Archive | January, 2009

The naturalistic (language) fallacy revisited

5 Jan

The comments to this y.combinator item add to what I said here. In particular, commenter apinstein writes:

I used to do a lot of AppleScript programming. When I initially learned about the “natural” syntax I though “this is gonna be so easy!” But ultimately it works against you.

Computers are very precise beasts, and they need to know exactly what you want them to do. The looser the “syntax” gets, the more guesses the compiler has to make to come up with a set of precise instructions.

What I initially thought would be easy and liberating turned out to be a total PITA. AppleScript programming is horrible. Ultimately there is an underlying syntax, but it’s harder to remember because it’s less consistent (ie “natural”). I had to spend way too much time trying to understand what goofy “natural” grammar I had to use to get it to do what I wanted.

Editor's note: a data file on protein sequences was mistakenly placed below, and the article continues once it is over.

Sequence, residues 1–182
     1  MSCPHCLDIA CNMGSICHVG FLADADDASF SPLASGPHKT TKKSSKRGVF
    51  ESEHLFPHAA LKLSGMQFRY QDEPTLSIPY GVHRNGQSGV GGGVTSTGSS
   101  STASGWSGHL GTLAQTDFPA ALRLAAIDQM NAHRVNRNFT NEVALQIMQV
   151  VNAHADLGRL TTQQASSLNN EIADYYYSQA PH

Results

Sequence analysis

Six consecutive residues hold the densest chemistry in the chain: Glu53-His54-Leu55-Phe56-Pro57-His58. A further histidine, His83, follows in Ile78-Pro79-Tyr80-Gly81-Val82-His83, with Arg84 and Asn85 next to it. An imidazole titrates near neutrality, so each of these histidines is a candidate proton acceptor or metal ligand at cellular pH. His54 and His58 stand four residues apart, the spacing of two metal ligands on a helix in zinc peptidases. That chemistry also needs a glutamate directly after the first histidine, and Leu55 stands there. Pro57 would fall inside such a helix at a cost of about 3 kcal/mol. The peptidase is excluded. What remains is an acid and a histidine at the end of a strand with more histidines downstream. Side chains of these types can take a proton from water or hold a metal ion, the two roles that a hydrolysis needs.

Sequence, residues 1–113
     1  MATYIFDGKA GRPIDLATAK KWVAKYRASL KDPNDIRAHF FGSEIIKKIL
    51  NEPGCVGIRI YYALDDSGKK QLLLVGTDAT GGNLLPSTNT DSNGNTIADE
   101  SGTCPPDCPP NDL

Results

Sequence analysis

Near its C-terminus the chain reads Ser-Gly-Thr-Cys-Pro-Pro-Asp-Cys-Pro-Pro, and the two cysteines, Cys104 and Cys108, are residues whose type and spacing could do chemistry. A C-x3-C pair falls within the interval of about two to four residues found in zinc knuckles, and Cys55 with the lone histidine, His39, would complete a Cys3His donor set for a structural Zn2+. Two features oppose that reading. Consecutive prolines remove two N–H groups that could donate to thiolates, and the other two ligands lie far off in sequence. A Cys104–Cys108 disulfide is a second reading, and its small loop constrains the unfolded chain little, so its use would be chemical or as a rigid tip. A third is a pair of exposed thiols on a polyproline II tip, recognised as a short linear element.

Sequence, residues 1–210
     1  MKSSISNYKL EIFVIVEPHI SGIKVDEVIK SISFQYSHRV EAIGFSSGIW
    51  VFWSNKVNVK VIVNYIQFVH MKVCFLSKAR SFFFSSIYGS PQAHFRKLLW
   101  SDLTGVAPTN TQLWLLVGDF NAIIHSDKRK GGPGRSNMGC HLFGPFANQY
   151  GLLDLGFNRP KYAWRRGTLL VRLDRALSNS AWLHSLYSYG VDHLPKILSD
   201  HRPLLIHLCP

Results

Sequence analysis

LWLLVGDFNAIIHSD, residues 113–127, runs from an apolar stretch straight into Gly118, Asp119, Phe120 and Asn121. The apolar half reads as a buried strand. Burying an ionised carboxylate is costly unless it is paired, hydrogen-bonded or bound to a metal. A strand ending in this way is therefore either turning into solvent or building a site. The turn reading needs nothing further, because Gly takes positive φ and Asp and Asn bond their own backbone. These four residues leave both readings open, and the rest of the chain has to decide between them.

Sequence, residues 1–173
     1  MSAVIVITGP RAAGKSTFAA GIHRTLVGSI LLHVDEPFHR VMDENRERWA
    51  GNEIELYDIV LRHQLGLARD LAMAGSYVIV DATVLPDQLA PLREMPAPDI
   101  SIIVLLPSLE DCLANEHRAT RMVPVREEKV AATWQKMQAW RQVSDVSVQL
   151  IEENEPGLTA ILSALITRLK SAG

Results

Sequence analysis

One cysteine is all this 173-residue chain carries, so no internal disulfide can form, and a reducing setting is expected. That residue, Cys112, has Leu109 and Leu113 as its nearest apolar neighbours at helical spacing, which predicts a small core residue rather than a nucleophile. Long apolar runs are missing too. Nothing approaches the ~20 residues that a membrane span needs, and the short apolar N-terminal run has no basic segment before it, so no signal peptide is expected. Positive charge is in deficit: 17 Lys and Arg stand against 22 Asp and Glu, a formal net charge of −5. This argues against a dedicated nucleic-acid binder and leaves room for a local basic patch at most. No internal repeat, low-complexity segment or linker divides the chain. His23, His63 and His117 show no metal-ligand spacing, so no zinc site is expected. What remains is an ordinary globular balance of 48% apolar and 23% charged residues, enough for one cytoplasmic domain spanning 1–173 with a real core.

Even if you assume an “ideal AI,” I still don’t think that a natural language syntax is a good idea, since language itself has a lack of specificity that requires even an “ideal AI” to make guesses that could be logically wrong.